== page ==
• 2
    Lowe JK, Maller JB, Pe'er I, et al. Genome-wide association studies in an isolated founder population from the Pacific Island of Kosrae. PLoS Genet 2009;5:e1000365.
  • 3
    Contois J, McNamara JR, Lammi-Keefe C, et al. Reference intervals for plasma apolipoprotein A-1 determined with a standardized commercial immunoturbidimetric assay: results from the Framingham Offspring Study. Clin Chem 1996;42:507-514.
  • 4
    Donahue RP, Jacobs DR, Sidney S, et al. Distribution of lipoproteins and apolipoproteins in young adults The CARDIA Study. Arteriosclerosis 1989;9:656-664.
  • 5
    Brown SA, Hutchinson R, Morrisett J, et al. Plasma lipid, lipoprotein cholesterol, and apoprotein distributions in selected US communities. The Atherosclerosis Risk in Communities (ARIC) Study. Arterioscler Thromb 1993;13:1139-1158.
  • 6
    Ford ES, Giles WH, Mokdad AH. Increasing prevalence of the metabolic syndrome among U.S. Adults. Diabetes Care 2004;27:2444-2449.
  • 7
    Office FSoMNS. 2000 Census of the Federated States of Micronesia. 2000. Palikir, Pohnpei.
  • 8
    Ford ES. Prevalence of the metabolic syndrome defined by the International Diabetes Federation among adults in the U.S. Diabetes Care 2005;28:2745-2749.
  • 9
    Burrows NR, Geiss LS, Engelgau MM, et al. Prevalence of diabetes among Native Americans and Alaska Natives, 1990-1997: an increasing burden. Diabetes Care 2000;23:1786-1790.
  • 10
    Tam WH, Ma RCW, Yang X, et al. Glucose intolerance and cardiometabolic risk in children exposed to maternal gestational diabetes mellitus in utero. Pediatrics 2008;122:1229-1234.
  • 11
    Schumacher C, Ferucci ED, Lanier AP, et al. Metabolic syndrome: prevalence among American Indian and Alaska native people living in the southwestern United States and in Alaska. Metab Syndr Relat Disord 2008;6:267-273.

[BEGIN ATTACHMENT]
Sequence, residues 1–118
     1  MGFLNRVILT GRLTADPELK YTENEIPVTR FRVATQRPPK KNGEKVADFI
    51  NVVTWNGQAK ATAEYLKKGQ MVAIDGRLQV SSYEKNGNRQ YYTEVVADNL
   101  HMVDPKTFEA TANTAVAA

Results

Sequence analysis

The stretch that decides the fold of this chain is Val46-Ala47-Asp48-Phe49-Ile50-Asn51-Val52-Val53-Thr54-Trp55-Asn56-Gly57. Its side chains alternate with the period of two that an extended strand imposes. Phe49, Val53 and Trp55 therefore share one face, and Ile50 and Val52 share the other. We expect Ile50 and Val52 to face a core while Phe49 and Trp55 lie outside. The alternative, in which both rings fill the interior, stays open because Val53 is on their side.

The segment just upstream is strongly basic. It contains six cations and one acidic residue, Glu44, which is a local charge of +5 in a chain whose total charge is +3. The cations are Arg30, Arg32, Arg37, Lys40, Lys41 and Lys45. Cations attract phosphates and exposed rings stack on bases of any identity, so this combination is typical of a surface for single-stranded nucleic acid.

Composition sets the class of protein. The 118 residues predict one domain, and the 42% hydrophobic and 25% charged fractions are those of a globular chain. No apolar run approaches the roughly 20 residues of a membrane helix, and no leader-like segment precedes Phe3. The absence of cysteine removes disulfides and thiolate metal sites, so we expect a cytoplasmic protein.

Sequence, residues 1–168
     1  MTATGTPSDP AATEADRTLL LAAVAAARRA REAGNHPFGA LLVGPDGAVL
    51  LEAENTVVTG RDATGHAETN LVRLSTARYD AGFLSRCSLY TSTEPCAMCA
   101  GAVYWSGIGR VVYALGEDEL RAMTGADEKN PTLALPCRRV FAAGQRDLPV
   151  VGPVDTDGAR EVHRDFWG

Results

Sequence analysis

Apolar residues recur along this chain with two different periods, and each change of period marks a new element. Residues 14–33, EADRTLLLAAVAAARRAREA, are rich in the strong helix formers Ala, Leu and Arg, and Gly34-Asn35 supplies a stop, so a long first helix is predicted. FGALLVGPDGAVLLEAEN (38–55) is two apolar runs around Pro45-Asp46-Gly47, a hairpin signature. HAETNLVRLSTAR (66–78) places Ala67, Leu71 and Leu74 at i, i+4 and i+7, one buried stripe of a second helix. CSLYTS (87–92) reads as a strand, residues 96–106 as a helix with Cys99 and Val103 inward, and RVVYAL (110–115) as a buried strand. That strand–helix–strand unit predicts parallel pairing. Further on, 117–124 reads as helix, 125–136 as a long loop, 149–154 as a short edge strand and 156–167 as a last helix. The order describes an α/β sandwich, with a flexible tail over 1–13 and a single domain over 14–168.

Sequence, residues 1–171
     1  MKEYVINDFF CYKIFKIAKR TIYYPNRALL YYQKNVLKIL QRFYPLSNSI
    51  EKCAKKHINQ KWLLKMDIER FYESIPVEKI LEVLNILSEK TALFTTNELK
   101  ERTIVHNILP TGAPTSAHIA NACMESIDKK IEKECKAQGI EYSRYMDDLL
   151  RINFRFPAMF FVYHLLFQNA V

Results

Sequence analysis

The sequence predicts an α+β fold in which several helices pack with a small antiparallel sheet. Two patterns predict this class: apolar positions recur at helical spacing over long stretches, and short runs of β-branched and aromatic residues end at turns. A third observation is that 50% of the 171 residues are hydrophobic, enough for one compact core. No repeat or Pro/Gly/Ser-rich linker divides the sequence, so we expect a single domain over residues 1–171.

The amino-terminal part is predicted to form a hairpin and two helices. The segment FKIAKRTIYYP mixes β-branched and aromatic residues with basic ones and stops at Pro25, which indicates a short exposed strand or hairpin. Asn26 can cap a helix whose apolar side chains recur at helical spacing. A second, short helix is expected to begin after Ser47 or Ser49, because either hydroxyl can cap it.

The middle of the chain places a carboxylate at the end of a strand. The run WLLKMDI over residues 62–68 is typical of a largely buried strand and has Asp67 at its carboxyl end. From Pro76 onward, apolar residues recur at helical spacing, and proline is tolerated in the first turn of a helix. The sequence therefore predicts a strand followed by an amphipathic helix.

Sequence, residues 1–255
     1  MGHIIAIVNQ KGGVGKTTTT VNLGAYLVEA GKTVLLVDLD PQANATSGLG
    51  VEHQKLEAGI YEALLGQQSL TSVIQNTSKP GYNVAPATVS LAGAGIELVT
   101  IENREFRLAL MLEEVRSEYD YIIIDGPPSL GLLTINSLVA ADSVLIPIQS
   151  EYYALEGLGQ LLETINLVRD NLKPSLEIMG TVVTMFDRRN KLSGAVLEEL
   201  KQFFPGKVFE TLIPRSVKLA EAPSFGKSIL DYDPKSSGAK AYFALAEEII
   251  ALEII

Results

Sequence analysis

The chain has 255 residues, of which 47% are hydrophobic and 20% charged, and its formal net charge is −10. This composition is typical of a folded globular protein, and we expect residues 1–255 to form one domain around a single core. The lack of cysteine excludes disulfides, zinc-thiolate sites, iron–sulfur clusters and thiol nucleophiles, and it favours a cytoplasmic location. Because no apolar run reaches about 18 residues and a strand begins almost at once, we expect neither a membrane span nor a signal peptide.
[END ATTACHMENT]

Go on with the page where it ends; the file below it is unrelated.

• 12
    Carroll MD, Lacher DA, Sorlie PD, et al. Trends in serum lipids and lipoproteins of adults, 1960-2002. JAMA 2005;294:1773-1781.
  • 13
    North KE, Howard BV, Welty TK, et al. Genetic and environmental contributions to cardiovascular disease risk in American Indians: the strong heart family study. Am J Epidemiol 2003;157:303-314.
  • 14
    Lee CM, Huxley RR, Woodward M, et al. Comparisons of metabolic syndrome definitions in four populations of the Asia-Pacific region. Metab Syndr Relat Disord 2008;6:37-46.
  • 15
    Sumner AE, Zhou J, Doumatey A, et al. Low HDL-cholesterol with normal triglyceride levels is the most common lipid pattern in West Africans and African Americans with metabolic syndrome: implications for cardiovascular disease prevention. CVD Prev Control 2010;5:75-80.
  • 16
    Ford ES, Giles WH, Dietz WH. Prevalence of the metabolic syndrome among US adults: findings from the third National Health and Nutrition Examination Survey. JAMA 2002;287:356-359.
  • 17
    Mahley RW, Palaoglu KE, Atak Z, et al. Turkish Heart Study: lipids, lipoproteins, and apolipoproteins. J Lipid Res 1995;36:839-859.
  • 18
    Hodoglugil U, Williamson DW, Huang Y, et al. Common polymorphisms of ATP binding cassette transporter A1, including a functional promoter polymorphism, associated with plasma high density lipoprotein cholesterol levels in Turks. Atherosclerosis 2005;183:199-212.
  • 19
    Hodoglugil U, Williamson DW, Mahley RW. Polymorphisms in the hepatic lipase gene affect plasma HDL-cholesterol levels in a Turkish population. J Lipid Res 2010;51:422-430.
  • 20
    Goldenberg I, Benderly M, Sidi R, et al. Relation of clinical benefit of raising high-density lipoprotein cholesterol to serum levels of low-density lipoprotein cholesterol in patients with coronary heart disease (from the Bezafibrate Infarction Prevention Trial). Am J Cardiol 2009;41-45. Epub 2008 Oct 10.